John F. Hawley, Professor

Professional Data



In the spring semester I teach ASTR 3480, Introduction to Cosmology. This is a survey of modern cosmology intended for both science and non-science majors.

The cosmology course uses my textbook Foundations of Modern Cosmology which is published by Oxford University Press.

Research interests:

My research activities have primarily been concerned with accretion disks and related phenomena. I investigate the basic physics of such systems through the use of computational simulations and modeling. As part of this research, I have worked on developing numerical algorithms for compressible magnetohydrodynamics, and implementing those algorithms in simulation codes.

A good deal of my current research is concerned with the behavior of gas in orbit around compact stars and black holes. Pictured here is an example image from a three dimensional simulation of a magnetized accretion torus done back in 2000 (J.F. Hawley 2000, Global Magnetohydrodynamical Simulations of Accretion Tori,'' ApJ, 528, 462).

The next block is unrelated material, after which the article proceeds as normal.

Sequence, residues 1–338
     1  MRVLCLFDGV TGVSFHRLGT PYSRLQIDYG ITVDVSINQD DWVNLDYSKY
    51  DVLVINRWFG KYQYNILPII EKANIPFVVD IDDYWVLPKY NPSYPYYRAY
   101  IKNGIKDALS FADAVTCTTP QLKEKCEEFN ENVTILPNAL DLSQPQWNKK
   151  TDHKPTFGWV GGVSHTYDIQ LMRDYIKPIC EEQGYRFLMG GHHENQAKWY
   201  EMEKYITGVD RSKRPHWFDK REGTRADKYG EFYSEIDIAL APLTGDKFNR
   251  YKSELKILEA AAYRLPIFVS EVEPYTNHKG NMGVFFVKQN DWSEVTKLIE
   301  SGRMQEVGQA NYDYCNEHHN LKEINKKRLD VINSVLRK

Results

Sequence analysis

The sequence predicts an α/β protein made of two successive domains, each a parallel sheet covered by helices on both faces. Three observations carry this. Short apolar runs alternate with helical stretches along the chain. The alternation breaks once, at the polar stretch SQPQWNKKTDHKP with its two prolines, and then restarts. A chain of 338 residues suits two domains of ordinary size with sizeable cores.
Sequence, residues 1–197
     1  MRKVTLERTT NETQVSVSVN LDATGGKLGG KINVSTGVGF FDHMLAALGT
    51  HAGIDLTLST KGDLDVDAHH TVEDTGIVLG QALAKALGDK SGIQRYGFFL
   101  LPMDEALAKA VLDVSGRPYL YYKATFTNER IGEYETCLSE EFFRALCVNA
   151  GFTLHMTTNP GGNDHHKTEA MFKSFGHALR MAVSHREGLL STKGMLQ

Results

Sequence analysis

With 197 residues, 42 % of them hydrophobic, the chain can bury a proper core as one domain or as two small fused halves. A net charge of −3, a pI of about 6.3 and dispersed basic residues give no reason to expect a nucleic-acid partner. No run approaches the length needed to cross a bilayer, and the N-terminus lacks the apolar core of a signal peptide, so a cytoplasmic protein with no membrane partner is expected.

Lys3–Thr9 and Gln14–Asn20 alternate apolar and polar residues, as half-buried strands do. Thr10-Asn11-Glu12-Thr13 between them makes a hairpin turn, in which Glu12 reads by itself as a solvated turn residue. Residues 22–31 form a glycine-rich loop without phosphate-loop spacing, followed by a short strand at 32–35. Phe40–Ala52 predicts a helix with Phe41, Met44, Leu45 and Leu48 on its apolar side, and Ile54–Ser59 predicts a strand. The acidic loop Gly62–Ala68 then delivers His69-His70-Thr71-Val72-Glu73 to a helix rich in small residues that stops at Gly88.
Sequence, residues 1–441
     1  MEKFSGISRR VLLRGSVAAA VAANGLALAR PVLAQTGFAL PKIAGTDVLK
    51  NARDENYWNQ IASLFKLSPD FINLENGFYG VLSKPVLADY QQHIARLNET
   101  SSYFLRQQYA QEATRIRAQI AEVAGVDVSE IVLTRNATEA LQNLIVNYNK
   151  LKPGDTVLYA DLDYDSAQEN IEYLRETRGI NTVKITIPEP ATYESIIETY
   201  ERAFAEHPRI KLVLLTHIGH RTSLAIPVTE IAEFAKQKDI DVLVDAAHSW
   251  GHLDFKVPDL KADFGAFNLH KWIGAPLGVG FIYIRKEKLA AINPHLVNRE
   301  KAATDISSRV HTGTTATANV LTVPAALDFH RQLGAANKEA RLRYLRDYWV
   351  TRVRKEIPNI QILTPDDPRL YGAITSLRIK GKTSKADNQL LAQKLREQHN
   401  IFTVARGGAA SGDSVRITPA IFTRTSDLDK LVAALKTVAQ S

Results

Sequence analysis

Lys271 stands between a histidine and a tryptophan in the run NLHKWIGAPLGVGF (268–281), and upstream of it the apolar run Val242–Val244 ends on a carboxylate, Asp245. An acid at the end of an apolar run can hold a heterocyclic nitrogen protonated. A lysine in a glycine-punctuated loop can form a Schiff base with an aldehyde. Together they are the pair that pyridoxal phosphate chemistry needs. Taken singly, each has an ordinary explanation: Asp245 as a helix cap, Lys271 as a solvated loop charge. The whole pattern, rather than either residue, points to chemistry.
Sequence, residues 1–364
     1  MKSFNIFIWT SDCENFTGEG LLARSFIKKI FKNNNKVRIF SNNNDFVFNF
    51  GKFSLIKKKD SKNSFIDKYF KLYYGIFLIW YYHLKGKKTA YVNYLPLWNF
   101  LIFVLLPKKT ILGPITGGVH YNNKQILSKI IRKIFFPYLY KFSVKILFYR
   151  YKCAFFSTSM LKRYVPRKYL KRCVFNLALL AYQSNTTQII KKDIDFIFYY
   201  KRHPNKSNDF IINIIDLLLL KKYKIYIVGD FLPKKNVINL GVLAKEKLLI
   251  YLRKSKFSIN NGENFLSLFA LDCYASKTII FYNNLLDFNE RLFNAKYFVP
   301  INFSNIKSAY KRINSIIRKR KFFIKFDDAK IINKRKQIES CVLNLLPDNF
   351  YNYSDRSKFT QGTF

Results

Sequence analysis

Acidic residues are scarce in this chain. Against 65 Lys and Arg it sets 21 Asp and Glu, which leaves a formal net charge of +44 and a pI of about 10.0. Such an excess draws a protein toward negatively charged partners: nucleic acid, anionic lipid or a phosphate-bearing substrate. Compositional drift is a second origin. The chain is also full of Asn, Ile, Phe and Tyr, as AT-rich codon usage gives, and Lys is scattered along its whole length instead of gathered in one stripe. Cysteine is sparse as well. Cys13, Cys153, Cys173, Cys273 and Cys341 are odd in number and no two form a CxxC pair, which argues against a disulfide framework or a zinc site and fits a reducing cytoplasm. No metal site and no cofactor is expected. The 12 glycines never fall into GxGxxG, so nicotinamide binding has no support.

One of the most important aspects of my research has been to investigate the stability properties of accretion disks. In 1991 Steve Balbus and I published the first paper on the magneto-rotational instability, or MRI.

Since then I have worked on increasingly more complex simulations, both locally (the "shearing box" limit), and globally, both with Newtonian gravity, and in the full Kerr metric of a rotating black hole. The local shearing box model was introduced in

Our MRI discovery paper, and a major disk review paper are:

This black hole jet movie was created by University of Colorado astrophysicist Andrew Hamilton using data from a rotating black hole simulation published in